Saturday, July 21, 2007


What language do you speak in your head? If you speak more than one language externally, what language do you process in internally? And what language do you speak in your dreams?

I posed these questions to my younger cousin last night. He's 18. English is not his first language. He paused when I asked what language he speaks in his head. For the first time in his life he realized that he doesn't use a language in his head. He has images. He seemed delighted to discover this bit of information. He said it explained why he's always had such a difficult time verballly expressing himself. He draws and creates music though. I wondered aloud if that is the language he feels most comfortable using. He agreed that it was.

Now, if you're read my blog, you'll know that I think a lot. And you'll know that writing is my preferred form of communication. If you've spent time with me in person, you'll know that I find verbal communication difficult and limiting. And that I often reach a frustration point where I throw language out the window and withdraw, if not shut down.

I have read that you can only think one thought at a time. I don't know how true that is. Not even sure how you'd gauge such a thing. But from my experience, this seems unlikely. In my brain it feels as if there are layers, like a hologram. There are a vast number of conversations going on at the same time. These conversations are layered on top of one another. They exist at the same time and place but on different levels, like the layers of a hologram. And they create a larger picture, but one that is not always so easily described. Actually, it is beyond words.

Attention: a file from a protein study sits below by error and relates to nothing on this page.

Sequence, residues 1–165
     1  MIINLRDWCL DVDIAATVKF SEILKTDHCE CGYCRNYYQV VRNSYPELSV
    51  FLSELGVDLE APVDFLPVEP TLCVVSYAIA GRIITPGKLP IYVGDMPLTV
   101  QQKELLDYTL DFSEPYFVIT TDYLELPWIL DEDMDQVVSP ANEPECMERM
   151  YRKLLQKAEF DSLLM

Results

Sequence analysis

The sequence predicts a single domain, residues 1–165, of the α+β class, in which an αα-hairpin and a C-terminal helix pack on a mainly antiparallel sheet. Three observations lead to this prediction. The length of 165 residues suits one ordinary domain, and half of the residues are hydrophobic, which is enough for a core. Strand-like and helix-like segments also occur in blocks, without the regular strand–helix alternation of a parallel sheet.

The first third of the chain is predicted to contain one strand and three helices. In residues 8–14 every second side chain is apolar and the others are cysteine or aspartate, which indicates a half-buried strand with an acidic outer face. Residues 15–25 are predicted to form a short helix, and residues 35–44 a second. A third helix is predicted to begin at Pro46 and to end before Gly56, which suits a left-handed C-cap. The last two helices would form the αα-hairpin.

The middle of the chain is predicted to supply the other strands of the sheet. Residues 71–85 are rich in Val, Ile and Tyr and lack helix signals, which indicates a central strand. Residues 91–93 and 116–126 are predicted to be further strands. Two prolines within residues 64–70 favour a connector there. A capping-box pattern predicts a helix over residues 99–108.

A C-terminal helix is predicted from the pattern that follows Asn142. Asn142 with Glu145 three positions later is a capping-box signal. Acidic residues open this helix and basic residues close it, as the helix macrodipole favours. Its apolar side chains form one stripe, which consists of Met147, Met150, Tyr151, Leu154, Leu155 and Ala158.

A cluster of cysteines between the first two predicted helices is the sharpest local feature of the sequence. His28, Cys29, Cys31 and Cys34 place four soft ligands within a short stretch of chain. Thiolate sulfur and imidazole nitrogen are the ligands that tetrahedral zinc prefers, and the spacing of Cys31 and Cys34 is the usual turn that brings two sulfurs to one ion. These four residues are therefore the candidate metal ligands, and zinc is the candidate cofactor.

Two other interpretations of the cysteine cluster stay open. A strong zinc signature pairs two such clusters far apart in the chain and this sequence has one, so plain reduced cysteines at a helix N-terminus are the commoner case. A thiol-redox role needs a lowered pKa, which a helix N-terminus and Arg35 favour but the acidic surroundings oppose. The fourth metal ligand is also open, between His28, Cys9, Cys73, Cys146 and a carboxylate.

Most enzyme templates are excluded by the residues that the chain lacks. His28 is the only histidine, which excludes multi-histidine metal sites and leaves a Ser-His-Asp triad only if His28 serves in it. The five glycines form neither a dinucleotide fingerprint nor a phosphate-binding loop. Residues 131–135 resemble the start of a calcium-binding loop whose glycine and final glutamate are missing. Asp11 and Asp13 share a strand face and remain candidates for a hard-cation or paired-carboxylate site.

I remember in my art class how I was drawn (no pun intended) to creating layers of paint. I would layer color upon color until it felt complete. The art instructor said my pieces displayed a depth of emotion. No shit Sherlock. Come and spend a few hours in my brain and you'll see how deep the rabbit hole goes.

Also, as I've blogged about previously, there's always a song playing in my head. It's like the backdrop for the montage of conversations occurring in my brain at any given time. I sometimes share song lyrics with you. They're a glimpse into my personal soundtrack.

As a child of 4 or 5 I recall being aware of my holographic brain. I remember thinking, 'Are all the other kids thinking about what I'm thinking about?' Perhaps they were. Perhaps they still are.

tall penguin

1 comment:

Rahul said...

I've read that a person can have a maximum of up to seven independent thoughts at one time. On average, a person would maybe have 3 or 4 independent thoughts at one time.

I think the layering you refer to is the way you connect these independent thoughts, therefore making them not independent. This is very cool, because it enables you to have many more related thoughts, layering and interacting is fantastic imaginative ways. It probably also gets very crowded, I suppose.

I dig the holographic mind. If the other kids were seeing what you were seeing in your mind, most of them probably didn't get what you got from it. At least, that was my experience, when I told the other kids/teens about the bubbles... /rd